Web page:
35 Families Quotes & Sayings with Wallpapers & Posters - Quotes.Pub

Here you will find all the famous Families quotes. There are more than 35 quotes in our Families quotes collection. We have collected all of them and made stunning Families wallpapers & posters out of those quotes. You can use this wallpapers & posters on mobile, desktop, print and frame them or share them on the various social media platforms. You can download the quotes images in various different sizes for free. In the below list you can find quotes by some of the famous authors like Arthur Conan Doyle, Laurie Halse Anderson and Rick Riordan

We have some great museums. You'd love the lake." "I don't know that I can enjoy any kind of water anymore." "Why not?" I already knew. "After that little girl, little Ann Nash, was left in the creek to drown." She paused to take a sip of her iced tea. "I knew her, you know." Amma whined and began fidgeting in her seat. "She wasn't drowned though," I said, knowing my correction would annoy her. "She was strangled. She just ended up in the creek." "And then the Keene girl. I was fond of both of them. Very fond." She stared away wistfully, and Alan put his hand over hers. Amma stood up, released a little scream the way an excited puppy might suddenly bark, and ran upstairs. "Poor thing," my mother said. "She's having nearly as hard a time as I am." "She actually saw the girls every day, so I'm sure she is," I said peevishly in spite of myself. "How did you know them?" "Wind Gap, I need not remind you, is a small town. They were sweet, beautiful little girls. Just beautiful." "But you didn't really know them." "I did know them. I knew them well." "How?""Camille, please try not to do this. I've just told you that I am upset and unnerved, and instead of being comforting, you attack me." "So. You've sworn off all bodies of water in the future, then?" My mother emitted a quick, creaky sound. "You need to shut up now, Camille." She folded the napkin around the remains of her pear like a swaddling and left the room. Alan followed her with his manic whistling, like an old-time piano player lending drama to a silent movie.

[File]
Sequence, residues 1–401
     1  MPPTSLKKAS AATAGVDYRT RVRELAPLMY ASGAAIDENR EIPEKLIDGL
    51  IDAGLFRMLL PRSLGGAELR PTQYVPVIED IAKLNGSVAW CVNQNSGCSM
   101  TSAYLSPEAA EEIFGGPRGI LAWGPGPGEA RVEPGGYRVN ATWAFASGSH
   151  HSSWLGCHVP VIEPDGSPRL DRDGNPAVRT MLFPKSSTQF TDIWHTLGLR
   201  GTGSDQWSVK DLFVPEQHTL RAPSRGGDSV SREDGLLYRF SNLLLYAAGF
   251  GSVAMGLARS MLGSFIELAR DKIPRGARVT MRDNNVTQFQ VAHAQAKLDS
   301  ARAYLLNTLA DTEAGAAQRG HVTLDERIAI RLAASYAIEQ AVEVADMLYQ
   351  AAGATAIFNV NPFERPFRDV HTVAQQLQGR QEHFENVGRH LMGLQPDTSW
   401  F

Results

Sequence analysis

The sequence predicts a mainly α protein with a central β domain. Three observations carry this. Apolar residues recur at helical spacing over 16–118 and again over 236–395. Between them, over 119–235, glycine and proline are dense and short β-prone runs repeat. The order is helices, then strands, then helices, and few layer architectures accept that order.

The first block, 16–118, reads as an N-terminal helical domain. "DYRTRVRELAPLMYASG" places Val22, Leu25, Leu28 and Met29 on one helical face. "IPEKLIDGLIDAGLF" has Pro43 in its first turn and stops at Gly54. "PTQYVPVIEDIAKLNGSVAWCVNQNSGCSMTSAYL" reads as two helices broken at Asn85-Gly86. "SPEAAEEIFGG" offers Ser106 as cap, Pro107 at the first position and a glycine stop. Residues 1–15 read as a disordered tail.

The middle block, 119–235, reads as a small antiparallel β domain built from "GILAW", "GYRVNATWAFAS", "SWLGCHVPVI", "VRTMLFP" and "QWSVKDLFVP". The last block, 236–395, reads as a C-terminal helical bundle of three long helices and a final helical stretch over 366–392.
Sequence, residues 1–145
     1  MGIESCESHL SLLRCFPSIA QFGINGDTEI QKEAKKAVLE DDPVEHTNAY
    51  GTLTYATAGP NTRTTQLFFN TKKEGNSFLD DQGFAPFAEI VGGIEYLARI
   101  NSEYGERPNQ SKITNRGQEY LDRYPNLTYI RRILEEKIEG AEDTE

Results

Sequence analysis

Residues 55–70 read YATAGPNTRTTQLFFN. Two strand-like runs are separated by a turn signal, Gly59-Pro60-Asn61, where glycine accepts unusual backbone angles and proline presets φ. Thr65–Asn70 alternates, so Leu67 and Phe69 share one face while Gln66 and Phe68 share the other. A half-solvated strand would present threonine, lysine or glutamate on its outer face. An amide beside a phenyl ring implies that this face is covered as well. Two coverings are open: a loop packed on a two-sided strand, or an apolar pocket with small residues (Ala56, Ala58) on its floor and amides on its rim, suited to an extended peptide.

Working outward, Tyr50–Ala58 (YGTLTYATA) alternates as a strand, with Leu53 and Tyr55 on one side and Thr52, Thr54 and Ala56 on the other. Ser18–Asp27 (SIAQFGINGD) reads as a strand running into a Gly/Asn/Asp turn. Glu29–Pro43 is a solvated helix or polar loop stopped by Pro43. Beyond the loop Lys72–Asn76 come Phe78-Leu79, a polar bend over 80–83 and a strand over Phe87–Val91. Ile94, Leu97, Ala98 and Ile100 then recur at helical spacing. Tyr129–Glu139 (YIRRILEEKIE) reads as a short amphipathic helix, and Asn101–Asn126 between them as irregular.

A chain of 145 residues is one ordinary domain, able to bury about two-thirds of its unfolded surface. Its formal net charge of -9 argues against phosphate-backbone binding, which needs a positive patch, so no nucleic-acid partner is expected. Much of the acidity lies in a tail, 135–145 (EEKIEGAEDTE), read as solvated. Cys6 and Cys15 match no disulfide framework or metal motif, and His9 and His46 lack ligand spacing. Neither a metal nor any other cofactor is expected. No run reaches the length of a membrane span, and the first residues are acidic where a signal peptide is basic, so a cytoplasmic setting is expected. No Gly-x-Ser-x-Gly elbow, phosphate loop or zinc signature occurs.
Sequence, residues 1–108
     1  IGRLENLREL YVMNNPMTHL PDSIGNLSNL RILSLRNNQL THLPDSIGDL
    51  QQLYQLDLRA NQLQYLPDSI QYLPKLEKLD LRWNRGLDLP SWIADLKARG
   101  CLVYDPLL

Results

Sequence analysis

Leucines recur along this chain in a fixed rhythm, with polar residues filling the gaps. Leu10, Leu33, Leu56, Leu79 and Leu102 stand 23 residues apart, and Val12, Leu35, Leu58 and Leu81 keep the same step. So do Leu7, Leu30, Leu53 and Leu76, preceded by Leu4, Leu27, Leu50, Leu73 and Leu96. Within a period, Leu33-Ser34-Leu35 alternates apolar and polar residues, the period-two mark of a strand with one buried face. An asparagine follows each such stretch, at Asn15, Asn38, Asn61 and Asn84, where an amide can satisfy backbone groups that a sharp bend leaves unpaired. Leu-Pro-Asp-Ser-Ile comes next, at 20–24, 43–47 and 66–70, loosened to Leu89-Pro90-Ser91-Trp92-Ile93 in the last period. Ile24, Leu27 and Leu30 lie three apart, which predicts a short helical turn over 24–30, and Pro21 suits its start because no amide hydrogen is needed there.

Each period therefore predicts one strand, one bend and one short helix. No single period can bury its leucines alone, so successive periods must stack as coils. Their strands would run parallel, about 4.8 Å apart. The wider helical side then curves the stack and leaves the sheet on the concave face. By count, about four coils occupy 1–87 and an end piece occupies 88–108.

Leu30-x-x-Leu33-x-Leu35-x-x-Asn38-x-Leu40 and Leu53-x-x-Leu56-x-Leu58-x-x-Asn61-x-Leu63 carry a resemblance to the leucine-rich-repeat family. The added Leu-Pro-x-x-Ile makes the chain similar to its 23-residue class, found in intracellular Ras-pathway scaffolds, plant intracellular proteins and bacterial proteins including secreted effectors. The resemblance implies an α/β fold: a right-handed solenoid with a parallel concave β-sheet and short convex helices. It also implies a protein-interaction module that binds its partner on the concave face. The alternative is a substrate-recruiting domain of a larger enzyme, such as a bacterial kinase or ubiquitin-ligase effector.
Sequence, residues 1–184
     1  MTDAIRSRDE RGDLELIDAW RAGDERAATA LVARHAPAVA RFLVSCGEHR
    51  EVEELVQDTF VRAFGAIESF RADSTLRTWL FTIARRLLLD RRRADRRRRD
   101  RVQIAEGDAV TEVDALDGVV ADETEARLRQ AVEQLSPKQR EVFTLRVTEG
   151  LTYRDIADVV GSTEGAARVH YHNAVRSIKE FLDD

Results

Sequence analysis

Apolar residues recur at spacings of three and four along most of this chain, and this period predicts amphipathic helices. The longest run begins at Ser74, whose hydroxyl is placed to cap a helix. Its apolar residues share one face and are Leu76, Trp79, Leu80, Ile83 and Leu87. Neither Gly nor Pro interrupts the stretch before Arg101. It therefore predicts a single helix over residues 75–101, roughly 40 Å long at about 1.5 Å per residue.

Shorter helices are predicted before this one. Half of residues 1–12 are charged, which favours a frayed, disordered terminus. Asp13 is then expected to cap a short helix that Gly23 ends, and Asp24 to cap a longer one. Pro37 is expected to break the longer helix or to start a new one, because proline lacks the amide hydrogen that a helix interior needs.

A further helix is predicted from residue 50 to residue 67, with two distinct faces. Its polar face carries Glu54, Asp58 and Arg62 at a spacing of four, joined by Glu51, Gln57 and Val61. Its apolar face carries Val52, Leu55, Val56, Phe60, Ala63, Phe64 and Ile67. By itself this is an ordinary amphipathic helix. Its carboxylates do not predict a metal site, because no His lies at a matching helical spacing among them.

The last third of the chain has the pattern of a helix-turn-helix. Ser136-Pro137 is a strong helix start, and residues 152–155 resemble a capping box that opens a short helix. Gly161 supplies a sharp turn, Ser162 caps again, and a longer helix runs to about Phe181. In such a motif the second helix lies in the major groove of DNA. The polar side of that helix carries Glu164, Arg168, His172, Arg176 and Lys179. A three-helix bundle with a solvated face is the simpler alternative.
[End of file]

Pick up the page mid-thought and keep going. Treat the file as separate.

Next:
Ma was heavy, but not fat; thick with child-bearing and work. She wore a loose Mother Hubbard of gray cloth in which there had once been colored flowers, but the color was washed out now, so that the small flowered pattern was only a little lighter gray than the background. The dress came down to her ankles, and he strong, broad, bare feet moved quickly and deftly over the floor. Her thin, steel-gray hair was gathered in a sparse wispy knot at the back of her head. Strong, freckled arms were bare to the elbow, and her hands were chubby and delicate, like those of a plump little girl. She looked out into the sunshine. Her full face was not soft; it was controlled, kindly. Her hazel eyes seemed to have experienced all possible tragedy and to have mounted pain and suffering like steps into a high calm and a superhuman understanding. She seemed to know, to accept, to welcome her position, the citadel of the family, the strong place that could not be taken. And since old Tom and the children could not know hurt or fear unless she acknowledged hurt and fear, she had practiced denying them in herself. And since, when a joyful thing happened, they looked to see whether joy was on her, it was her habit to build up laughter out of inadequate materials. But better than joy was calm. Imperturbability could be depended upon. And from her great and humble position in the family she had taken dignity and a clean calm beauty. From her position as healer, her hands had grown sure and cool and quiet; from her position as arbiter she had become as remote and faultless in judgment as a goddess. She seemed to know that if she swayed the family shook, and if she ever really deeply wavered or despaired the family would fall, the family will to function would be gone.